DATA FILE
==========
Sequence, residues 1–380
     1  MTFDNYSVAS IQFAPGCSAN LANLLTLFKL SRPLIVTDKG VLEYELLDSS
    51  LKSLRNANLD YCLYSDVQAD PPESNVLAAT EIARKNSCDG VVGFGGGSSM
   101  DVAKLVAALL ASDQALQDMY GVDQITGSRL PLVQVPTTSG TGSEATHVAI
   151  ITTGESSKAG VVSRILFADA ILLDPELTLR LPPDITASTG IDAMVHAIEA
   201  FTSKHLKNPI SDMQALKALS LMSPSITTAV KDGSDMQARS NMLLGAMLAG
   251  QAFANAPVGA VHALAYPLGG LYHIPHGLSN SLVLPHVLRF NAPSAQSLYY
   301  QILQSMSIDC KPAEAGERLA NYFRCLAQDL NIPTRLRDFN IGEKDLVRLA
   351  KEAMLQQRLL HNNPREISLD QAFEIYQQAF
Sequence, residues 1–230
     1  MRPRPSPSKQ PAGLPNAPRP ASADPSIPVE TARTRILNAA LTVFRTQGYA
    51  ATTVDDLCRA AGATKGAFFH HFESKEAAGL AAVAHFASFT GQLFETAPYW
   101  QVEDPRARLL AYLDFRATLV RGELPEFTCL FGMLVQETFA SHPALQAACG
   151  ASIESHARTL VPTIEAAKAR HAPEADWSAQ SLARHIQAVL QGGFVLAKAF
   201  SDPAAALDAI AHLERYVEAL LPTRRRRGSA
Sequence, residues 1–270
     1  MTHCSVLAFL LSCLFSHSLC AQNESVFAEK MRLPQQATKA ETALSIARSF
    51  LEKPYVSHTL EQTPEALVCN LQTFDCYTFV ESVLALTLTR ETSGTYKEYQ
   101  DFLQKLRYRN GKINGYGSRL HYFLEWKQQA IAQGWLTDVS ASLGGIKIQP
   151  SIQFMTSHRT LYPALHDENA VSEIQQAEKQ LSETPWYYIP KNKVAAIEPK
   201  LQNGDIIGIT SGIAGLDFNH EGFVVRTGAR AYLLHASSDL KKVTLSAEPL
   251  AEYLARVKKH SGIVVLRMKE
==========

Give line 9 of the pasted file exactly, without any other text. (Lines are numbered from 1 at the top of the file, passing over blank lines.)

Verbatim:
   351  KEAMLQQRLL HNNPREISLD QAFEIYQQAF